his place as a friendly adviser either in ecclesiastical or other

To the Duchess of Wellington, Sept. 24.— He might, if he had
chosen, have been on his way to the Archbishopric of Canterbury.
Ten or eleven years ago, when the present primate was not expected
to recover, the question of the succession was considered, and I had
her Majesty's consent to the idea I have now mentioned. But,
governed I think by his great modesty, he at once refused.

To Mrs. Wellesley 9 Nov. 19, 1882. — I have remained silent, at
least to you, on a subject which for no day has been absent from
my thoughts, because I felt that I could add nothing to your con-
solations and could take away nothing from your grief under your
great calamity. But the time has perhaps come when I may
record my sense of a loss of which even a small share is so large.
The recollections of nearly sixty years are upon my mind, and
through all that period I have felt more and more the force and
value of your husband's simple and noble character. No less have
I entertained an ever-growing sense of his great sagacity and the
singularly true and just balance of his mind. We owe much

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BOOK indeed to you both for your constantly renewed kindness, but
V ^ 1A ' . I have another debt to acknowledge in the invaluable assistance
1882. w hich he afforded me in the discharge of one among the most
important and most delicate of my duties. This void never can be
filled, and it helps me in some degree to feel what must be the void
to you. Certainly he was happy in the enjoyment of love and
honour from all who knew him ; yet these were few in comparison
with those whom he so wisely and so warmly served without their
knowing it ; and the love and honour paid him, great as they were,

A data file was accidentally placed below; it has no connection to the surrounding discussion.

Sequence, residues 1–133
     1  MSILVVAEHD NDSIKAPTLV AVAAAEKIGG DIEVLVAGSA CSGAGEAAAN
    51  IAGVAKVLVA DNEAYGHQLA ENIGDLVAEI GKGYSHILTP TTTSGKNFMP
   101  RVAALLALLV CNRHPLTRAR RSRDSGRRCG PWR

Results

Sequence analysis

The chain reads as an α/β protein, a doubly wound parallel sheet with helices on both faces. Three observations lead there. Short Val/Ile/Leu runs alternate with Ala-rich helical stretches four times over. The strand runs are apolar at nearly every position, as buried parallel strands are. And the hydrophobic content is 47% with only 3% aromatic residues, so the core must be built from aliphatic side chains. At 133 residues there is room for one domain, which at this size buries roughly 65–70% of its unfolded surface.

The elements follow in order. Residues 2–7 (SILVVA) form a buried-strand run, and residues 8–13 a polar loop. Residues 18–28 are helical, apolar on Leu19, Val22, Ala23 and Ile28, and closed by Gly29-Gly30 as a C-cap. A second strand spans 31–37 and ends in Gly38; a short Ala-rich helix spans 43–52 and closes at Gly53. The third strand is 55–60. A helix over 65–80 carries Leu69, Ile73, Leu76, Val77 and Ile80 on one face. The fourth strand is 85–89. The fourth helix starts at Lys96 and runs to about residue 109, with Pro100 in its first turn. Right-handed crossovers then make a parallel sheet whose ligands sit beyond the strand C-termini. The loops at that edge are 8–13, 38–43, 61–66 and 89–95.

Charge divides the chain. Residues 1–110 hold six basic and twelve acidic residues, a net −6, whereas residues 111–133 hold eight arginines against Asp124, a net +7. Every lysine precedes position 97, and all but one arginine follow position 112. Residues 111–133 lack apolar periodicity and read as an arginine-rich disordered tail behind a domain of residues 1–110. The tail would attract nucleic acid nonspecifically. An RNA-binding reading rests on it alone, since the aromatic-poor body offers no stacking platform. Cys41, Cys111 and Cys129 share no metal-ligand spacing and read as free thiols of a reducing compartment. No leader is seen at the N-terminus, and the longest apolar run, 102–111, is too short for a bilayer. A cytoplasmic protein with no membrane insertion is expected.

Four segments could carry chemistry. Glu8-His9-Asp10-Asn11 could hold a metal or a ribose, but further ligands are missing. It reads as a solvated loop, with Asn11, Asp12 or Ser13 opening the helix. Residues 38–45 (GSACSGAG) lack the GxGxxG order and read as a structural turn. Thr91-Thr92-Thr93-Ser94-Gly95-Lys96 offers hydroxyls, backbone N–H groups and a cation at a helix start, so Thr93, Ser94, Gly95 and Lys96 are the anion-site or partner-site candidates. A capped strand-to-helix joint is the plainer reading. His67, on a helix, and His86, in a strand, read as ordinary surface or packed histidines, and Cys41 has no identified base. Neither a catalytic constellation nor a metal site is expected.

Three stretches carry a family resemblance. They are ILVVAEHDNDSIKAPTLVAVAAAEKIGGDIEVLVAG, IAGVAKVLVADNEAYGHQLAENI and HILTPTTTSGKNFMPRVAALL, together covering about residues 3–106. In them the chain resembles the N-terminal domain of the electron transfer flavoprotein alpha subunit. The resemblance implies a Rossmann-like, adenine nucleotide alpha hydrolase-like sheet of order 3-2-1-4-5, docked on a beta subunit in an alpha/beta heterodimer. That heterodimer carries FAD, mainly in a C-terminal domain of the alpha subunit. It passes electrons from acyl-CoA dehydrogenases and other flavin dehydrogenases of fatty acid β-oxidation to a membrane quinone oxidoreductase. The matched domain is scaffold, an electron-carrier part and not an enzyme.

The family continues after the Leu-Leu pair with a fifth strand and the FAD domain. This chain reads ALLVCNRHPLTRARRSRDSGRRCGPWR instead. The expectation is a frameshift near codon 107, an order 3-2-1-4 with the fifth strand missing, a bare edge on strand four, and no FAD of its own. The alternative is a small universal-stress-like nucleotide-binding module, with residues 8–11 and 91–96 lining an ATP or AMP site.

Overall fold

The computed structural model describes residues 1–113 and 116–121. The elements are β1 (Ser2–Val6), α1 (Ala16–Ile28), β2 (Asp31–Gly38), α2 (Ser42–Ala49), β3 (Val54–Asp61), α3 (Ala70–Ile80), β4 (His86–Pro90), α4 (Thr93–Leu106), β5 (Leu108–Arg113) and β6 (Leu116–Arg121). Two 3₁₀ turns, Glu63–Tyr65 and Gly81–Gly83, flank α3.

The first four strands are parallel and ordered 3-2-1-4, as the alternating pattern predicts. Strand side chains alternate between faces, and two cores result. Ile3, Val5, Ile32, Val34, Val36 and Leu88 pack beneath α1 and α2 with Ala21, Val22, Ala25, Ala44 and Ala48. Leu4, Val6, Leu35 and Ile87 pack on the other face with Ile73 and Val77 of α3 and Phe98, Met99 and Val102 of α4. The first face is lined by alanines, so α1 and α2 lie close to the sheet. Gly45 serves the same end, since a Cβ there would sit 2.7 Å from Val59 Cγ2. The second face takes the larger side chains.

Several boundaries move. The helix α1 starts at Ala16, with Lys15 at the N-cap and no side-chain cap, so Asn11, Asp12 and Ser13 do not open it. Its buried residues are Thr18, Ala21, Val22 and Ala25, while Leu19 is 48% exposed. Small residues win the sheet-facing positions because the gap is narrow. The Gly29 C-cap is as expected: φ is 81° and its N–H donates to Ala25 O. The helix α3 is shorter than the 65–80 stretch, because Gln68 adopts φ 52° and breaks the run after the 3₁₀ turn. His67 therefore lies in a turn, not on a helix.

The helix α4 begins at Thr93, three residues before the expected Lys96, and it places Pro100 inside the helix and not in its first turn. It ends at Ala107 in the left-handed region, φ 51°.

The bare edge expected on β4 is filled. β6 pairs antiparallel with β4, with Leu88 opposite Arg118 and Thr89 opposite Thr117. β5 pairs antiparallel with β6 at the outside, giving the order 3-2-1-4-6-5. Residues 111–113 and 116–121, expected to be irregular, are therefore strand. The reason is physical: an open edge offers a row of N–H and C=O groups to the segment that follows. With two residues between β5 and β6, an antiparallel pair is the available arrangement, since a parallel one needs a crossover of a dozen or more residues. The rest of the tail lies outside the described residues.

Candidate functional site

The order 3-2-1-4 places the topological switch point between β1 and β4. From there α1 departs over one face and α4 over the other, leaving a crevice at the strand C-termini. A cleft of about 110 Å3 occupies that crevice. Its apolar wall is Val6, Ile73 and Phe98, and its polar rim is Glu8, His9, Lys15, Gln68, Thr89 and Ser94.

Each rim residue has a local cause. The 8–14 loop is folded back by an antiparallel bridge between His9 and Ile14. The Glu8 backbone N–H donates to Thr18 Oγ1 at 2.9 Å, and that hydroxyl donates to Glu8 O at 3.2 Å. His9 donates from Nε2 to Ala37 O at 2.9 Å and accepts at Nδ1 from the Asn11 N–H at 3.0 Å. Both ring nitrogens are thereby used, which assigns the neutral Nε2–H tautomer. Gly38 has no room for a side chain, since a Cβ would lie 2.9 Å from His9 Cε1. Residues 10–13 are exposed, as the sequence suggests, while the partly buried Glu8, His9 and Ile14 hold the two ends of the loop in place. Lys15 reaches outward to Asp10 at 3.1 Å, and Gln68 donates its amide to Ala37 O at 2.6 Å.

could not be as great as he deserved. His memory is blessed —
may his rest be deep and sweet, and may the memory and example
of him ever help you in your onward pilgrimage.

The same week Dr. Pusey died — a name that filled so
large a space in the religious history of England for some
thirty years of the century. Between Mr. Gladstone and
him the old relations of affectionate friendship subsisted
unbroken, notwithstanding the emancipation, as we may
call it, of the statesman from maxims and principles,
though not, so far as I know, from any of the leading
dogmatic beliefs cherished by the divine. 'I hope/ he
wrote to Phillimore (Sept. 20, 1882) ' to attend Dr. Pusey's
funeral to-morrow at Oxford. ... I shall have another
mournful office to discharge in attending the funeral
of the Dean of Windsor, more mournful than the first.
Dr. Pusey's death is the ingathering of a ripe shock, and
I go to his obsequies in token of deep respect and in
memory of much kindness from him early in my life. But
the death of Dean Wellesley is to my wife and me an
unexpected and very heavy blow, also to me an irreparable
loss. I had honoured and loved him from Eton days.'

The loss of Dean Wellesley's counsels was especially felt
in ecclesiastical appointments, and the greatest of these was